Cape Town – South Africans on social media, in particular Twitter, are being manipulated into supporting artificially amplified anger against foreigners living in the country, according to researchers at UCT.
In their report, the analysts from the Centre for Analytics and Behavioural Change (CABC) at the UCT’s Graduate School of Business said: “Key narratives around xenophobia are being curated and amplified by a dedicated network of connected users.
“The hashtag, #PutSouthAfricaFirst emerged on April 27 and in one day was used more than 16000 times. The 80 accounts in the network around uLerato_Pillay were responsible for 50% of the use of the hashtag. This is not organic growth of a conversation but rather an organised network,” said the report.
“These underground networks have sown social discord on South African social media platforms, mainly Twitter. The network was closely tracked online from April 1 to May 31 this year to identify patterns and tactics used on social media to artificially promote resentment of Africans working and living in South Africa.”
Director of the dialogue team at the CABC, Stef Snel, said: “They are using fake social media accounts and tactics that resemble social media guns-for-hire. A key agitator is a Twitter account by the name of uLerato_Pillay with several variations of the name. This account is the public face of the network pushing the hashtag, which itself has several variations.”
“My biggest fear is that such rhetoric in the past has resulted in violence and death. It’s critically important to uncover this network and get to the bottom of who may be behind the hidden hand sowing such discontent,” added Snel.
A post-doctoral fellow at the department of political studies at UWC, Shingai Mutizwa-Mangiza, said there is great significance in that the hashtag suddenly began trending on April 27.
“The start date was Freedom Day. That is a nationalist event and I don’t think it was accidental that so many of the accounts were activated on that day. It was a deliberate calculated move,” said Mutizwa-Mangiza.
“On the other hand, this sort of thing happens often in a time of great economic difficulty.
“We tend to want to find a scapegoat and the people scape-goated are those on the margins of mainstream society.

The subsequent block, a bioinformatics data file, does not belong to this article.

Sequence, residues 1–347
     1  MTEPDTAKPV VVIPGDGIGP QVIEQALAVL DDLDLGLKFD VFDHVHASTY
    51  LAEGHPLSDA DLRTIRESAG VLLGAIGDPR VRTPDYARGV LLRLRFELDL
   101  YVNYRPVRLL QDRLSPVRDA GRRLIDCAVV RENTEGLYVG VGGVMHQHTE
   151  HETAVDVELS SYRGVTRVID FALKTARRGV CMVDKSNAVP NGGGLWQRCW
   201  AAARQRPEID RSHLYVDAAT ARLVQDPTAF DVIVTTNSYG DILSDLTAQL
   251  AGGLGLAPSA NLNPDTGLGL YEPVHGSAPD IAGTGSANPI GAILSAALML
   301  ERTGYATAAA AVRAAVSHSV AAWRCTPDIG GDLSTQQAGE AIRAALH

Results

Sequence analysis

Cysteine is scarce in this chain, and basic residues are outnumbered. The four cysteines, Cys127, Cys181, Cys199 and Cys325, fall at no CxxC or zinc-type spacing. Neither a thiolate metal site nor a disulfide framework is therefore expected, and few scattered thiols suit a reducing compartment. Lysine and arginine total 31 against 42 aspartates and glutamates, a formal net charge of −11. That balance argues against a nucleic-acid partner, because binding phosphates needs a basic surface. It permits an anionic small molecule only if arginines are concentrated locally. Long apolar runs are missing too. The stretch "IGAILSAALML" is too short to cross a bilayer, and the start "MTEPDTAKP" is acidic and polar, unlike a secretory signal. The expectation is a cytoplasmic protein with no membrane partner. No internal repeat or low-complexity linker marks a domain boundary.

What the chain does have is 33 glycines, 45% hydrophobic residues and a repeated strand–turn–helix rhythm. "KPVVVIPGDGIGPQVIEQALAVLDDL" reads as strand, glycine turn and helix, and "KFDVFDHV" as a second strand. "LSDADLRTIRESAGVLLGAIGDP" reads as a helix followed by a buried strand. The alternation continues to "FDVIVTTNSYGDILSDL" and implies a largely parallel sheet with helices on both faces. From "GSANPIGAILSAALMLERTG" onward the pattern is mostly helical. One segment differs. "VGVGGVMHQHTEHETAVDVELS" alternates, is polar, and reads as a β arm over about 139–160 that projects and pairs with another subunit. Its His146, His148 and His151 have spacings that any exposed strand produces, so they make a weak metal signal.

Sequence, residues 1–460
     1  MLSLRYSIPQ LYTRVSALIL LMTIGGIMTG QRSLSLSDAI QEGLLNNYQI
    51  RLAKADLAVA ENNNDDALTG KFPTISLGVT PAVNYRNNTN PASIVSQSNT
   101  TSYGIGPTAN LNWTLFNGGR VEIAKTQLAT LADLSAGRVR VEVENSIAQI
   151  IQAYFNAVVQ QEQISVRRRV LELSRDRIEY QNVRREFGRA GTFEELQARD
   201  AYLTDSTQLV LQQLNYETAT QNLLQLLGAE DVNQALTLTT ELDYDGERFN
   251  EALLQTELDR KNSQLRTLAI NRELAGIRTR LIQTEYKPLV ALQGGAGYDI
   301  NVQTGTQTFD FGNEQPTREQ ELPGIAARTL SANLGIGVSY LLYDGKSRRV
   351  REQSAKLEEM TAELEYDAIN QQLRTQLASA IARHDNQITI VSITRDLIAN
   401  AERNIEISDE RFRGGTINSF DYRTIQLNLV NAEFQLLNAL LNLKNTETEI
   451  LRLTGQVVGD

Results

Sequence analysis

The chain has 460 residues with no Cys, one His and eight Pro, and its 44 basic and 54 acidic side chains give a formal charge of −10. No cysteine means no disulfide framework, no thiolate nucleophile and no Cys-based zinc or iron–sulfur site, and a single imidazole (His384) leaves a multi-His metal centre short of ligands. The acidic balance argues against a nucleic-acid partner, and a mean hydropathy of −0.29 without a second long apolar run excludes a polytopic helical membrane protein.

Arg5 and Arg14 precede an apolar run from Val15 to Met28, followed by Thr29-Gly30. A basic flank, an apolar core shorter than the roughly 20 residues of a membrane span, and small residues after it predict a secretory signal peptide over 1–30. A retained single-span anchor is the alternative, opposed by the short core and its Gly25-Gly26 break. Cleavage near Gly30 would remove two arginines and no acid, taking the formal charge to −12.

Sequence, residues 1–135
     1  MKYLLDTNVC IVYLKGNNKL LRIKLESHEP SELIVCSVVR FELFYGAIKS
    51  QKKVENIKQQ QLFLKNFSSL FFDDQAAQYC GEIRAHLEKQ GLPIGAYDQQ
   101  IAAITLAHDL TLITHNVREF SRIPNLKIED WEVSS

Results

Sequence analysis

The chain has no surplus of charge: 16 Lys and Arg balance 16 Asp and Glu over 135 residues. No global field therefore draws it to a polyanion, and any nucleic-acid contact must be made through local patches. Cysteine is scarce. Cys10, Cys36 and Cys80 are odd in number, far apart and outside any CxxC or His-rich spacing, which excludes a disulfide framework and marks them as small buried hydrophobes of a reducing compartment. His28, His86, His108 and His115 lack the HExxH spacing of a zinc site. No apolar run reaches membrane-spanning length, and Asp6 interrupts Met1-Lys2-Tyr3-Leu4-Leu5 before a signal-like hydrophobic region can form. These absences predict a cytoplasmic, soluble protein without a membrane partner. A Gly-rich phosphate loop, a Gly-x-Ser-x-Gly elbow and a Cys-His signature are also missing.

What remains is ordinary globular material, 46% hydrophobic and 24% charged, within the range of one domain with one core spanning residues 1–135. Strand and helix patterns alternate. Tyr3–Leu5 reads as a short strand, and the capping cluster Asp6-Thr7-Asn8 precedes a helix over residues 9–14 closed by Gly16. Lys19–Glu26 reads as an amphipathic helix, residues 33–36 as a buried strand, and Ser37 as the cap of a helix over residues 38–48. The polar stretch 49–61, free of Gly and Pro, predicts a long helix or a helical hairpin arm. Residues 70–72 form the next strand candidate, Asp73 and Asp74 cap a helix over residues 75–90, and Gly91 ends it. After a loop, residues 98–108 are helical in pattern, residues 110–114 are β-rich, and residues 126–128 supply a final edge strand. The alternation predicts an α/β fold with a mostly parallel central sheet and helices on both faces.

“Look at 1920s Germany and the Weimar republic, see what happened in Rwanda in 1994 where the Tutsi who already disenfranchised were targeted.
“In situations such as these we see the rise of frustrations, and an attempt to re-channel popular anger away from areas where it may have been directed. So for instance, people were angry with the lockdown bans on alcohol and tobacco and such a campaign tends to re-channel this anger to diffuse one set of tensions while creating another,” added Mutizwa-Mangiza.
Political analyst Ntsikelelo Breakfast said: “South Africa has always had a notion of exceptionalism. When someone comes here from the continent we say ‘You are from Africa’, as if we ourselves are not from the continent.
“You must see this campaign as an issue of success. I have never lived as a foreign national abroad, but I guess if you are such a person, you work much harder to succeed and such success brings with it elements of jealousy.
“However, it’s a complex issue and there are no clear black and white areas. Also, xenophobia is not unique to South Africa.”
Stellenbosch University migration researcher Dr Callixte Kavuro said the hashtags are contrary to the South African constitution which seeks to promote unity, social cohesion and individual liberty which are core principles of having one’s dignity respected.
“Many people tend to express their anger and frustration on foreign nationals because politicians have made them believe that foreign nationals are in the country illegally. However, they have not asked themselves how foreign nationals are granted trade licenses, or driving licenses or have access to certain services if they are illegal,” said Kavuro.
“The government should deal decisively with people who use a fake account in order to instigate and provoke unnecessary violence,” said Kavuro.
An activist with the rights group Abahlali baseMjomdolo, Mqapheli Bonono, said those behind the tweets need to be exposed.
“We are concerned with some of the organised groups who are being xenophobic. They need to be exposed and shamed for this senseless behaviour,” said Bonono.
“Our movement was formed on the basis of fighting for the dignity of all humankind. We believe that a human is a human being wherever they may find themselves.
“We will continue to fight against racism, sexism and xenophobia. We condemn any act of discrimination wherever it comes from,” added Bonono.